Why isn’t the Future here yet?
We used to believe that life would always go on more or less as it is. It might have been grim, but it had always been thus and would be so forever.
To be modern is, however, to know that – with time and a bit of luck – things will improve. And they will do so because of science, because clever people are eventually going to unpick all the problems that we can’t as yet master. That’s what a backwards glance at history from our vantage point proves unquestionably. With time, they sorted out tooth disease; they worked out how we could fly; they learnt how to conquer distance. And so we know – without a doubt – that other problems will also be solved. With time, we’ll learn how to live on different planets, grow a full head of hair, cure cancer, explain consciousness and figure out how to make energy at next to no cost. If we are in a fanciful speculative mood, we can go much much further: there will be a machine that will tell us who we should marry and how to read other people’s thoughts. There’ll be a way to determine what we are capable of and how we should therefore direct our careers. There’ll be a way to download all the world’s knowledge in minutes via a cable at the nape of the neck. And we’ll never have to die.
Back at the dawn of modernity, science fiction writers knew this way of projecting into the future. They pictured a world with submarines, mobile phones, space flight, mass prosperity and television. They were also particularly interested in flying cars.
Albert Robida, Coming out of the Opera in the year 2000, 1902.
We might chuckle at some of their ambitions, but to dream of future solutions is a natural state of mind in modernity – and not so foolish either. Most of our technological dreams will come true. The question, and it’s a very big and very painful question indeed, is when.
We may be advancing towards a better future, but we also have to recognise that we ourselves are stuck in what can generously be called a transitional period: the old cyclical world has been abandoned; the future is not yet here.
In the Biblioteca Medicea Laurenziana in Florence is one of the most poignantly honest maps ever made. The Salviati planisphere was drawn around 1525 by a civil servant in Seville. He had a good grasp of Europe, Africa and the Middle East but by the time he reached America, his knowledge was patchy in the extreme. He knew the rough outlines, but he didn’t know the topographical features or the names. He was stuck in a transitional phase of map making. One day it would be figured out: one day someone would reach the Pacific coast and send back precise information on the elevations of the Baja peninsula; one day a satellite would orbit the planet and send in microscopically precise information on every last square centimetre of the town of La Rinconada in the Peruvian Andes. But for now, in 1525, there was no option but to dwell in tantalising semi-ignorance.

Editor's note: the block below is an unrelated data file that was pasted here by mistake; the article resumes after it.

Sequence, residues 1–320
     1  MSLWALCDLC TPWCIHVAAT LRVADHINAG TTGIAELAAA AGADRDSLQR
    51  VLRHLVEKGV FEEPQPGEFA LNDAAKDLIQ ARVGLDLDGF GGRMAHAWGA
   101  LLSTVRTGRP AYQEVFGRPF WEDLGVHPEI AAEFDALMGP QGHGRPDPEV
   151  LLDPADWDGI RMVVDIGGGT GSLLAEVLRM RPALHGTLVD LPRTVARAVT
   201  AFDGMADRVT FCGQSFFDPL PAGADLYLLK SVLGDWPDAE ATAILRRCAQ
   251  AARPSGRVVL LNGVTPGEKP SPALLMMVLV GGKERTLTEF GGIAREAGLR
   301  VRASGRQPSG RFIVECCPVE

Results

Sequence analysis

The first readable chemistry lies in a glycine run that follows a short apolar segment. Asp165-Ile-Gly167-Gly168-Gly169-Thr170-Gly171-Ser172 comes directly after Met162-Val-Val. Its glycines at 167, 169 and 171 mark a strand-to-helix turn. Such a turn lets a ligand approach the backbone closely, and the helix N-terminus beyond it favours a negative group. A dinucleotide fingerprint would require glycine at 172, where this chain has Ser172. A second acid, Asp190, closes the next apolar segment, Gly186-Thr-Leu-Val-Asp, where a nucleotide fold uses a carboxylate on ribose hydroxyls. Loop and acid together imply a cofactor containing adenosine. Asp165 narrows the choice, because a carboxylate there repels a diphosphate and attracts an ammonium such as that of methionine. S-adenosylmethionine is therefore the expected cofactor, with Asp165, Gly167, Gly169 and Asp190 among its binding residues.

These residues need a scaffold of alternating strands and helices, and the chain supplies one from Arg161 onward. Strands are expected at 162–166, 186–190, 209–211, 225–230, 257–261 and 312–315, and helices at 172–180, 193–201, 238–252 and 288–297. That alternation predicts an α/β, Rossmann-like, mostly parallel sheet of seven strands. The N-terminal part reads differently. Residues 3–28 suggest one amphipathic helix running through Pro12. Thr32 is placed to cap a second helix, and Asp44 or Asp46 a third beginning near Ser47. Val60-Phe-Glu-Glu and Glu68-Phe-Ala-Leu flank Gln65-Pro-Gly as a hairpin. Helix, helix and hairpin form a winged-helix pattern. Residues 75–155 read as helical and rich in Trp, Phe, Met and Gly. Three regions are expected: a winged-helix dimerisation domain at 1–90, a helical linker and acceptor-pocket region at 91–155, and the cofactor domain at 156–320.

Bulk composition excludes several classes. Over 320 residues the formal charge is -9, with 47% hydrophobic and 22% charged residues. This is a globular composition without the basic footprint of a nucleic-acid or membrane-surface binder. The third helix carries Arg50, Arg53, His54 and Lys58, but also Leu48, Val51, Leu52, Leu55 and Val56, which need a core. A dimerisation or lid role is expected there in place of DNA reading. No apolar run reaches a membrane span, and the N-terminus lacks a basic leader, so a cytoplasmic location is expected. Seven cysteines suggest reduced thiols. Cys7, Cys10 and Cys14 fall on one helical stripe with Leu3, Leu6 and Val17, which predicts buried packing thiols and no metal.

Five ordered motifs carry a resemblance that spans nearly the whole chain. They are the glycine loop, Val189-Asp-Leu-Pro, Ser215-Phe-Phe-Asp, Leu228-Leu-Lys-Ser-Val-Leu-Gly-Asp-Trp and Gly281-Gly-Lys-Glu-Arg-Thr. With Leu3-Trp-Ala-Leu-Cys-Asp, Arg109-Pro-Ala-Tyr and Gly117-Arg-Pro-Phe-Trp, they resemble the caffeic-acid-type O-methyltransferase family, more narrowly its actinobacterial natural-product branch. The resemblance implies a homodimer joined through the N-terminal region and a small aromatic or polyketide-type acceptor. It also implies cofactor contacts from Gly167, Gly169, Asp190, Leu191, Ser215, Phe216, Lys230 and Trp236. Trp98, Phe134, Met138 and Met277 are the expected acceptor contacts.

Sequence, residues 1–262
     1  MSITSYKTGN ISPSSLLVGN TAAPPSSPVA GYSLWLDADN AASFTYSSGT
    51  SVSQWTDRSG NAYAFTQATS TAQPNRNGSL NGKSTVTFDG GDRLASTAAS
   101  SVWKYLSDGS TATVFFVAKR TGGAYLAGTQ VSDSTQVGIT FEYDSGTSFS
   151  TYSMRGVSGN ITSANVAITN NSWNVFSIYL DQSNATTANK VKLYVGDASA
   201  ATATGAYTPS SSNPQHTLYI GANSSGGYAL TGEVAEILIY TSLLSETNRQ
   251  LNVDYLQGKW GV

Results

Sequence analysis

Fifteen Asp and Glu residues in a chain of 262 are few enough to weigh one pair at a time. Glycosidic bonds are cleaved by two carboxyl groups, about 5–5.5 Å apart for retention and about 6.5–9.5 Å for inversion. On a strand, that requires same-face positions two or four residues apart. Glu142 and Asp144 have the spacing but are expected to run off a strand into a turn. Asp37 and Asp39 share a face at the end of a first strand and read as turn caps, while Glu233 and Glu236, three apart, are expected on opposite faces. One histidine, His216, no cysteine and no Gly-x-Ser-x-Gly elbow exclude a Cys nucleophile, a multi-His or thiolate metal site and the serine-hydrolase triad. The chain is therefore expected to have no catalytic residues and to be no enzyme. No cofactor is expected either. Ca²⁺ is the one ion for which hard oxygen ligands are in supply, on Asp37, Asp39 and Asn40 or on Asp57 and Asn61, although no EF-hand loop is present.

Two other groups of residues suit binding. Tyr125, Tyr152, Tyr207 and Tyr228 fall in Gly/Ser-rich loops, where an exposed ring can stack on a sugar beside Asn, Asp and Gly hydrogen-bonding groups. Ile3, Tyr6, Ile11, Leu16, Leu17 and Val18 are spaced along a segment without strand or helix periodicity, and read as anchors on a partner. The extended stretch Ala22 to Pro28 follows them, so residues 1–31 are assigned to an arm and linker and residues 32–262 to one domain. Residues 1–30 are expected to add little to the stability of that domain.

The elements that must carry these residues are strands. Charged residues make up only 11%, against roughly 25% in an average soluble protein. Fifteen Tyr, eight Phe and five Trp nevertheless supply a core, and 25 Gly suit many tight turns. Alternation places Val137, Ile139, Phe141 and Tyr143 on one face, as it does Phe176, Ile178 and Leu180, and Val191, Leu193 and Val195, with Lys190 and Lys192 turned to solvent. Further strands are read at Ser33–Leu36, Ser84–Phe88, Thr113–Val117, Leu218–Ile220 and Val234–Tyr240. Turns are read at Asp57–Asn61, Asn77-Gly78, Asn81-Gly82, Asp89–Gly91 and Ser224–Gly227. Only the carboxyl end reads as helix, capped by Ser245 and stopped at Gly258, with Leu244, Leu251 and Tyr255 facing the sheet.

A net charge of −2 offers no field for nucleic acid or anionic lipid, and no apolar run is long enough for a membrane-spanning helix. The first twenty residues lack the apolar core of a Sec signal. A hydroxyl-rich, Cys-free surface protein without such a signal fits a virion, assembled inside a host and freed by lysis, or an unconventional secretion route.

Salviati world map of 1525
In so many areas of knowledge, we are like the Salviati map maker. Our understanding of the human brain is eerily akin to our grasp of the world in 1525. There are countries and coastlines that we have explored fairly well, zones of the occipital lobe and the postcentral gyrus that match our understanding of the Bavaria Alps or the Loire in the early sixteenth century – but other areas are as remote as Alaska and Chile once used to be.
The Human Connectome Project, showing the connections of the brain we understand and have mapped. The rest is in darkness.
When it comes to neuroscience, we are at the canoe building stage. We haven’t yet sent our first proper seaworthy vessel into the oceans. We can have fun daydreaming like Jules Verne but none of our most exciting projections spare us the deeper, more painful insight. If we are reading this today, it will all come too late for us.
There will eventually be fully completed maps of the mind, there will be ways of manipulating our neurology and optimising our intelligence; we will figure out why love is so difficult and how we should lead our lives; we’ll discover how to reverse cell damage and the best way to prevent the aging process. We’ll learn how not to have to die.
But it will be too late for us. We’ll be long gone. We’ll be like the unfortunates who died of measles before the vaccine was ready, who had a fatal crash before airbags, who had to do sums before calculators and who got shipwrecked on the Cape of Good Hope before Airbus. Others will feel as sorry for us as we feel for those medieval paupers who died in extraordinary agony of a disease that could now be vanquished with a pill worth $1 from the supermarket. Our present suffering will – in time – come to seem utterly avoidable – and in its way pitiful.
What modernity denies us is the comfort of knowing that what we’re suffering through is ‘necessary.’ It isn’t fundamentally, our species simply hasn’t had quite enough time to figure it out. It’s as necessary as toothache once was, that is, not very. We just haven’t done the sums and run the experiments yet. We can see what is coming but we also know – with sad certainty – that we won’t be around to enjoy it. We won’t be there for the plug-in education tools and the career guidance implants. We’ll miss the hair regrowth creams and the pills for eternal life. We’re in our own Middle Ages in multiple areas, except that, unlike those in agony in the 13th century who saw themselves as enduring a Biblical curse, we know we’re in a transitional period while we wait for the laboratories to build their prototypes. The particular agony of modernity is to see the shape of a better future, to understand that our pain isn’t fundamentally justified, to spy the rescue ship on the horizon – and yet to be sure that we will be dead by the time help arrives.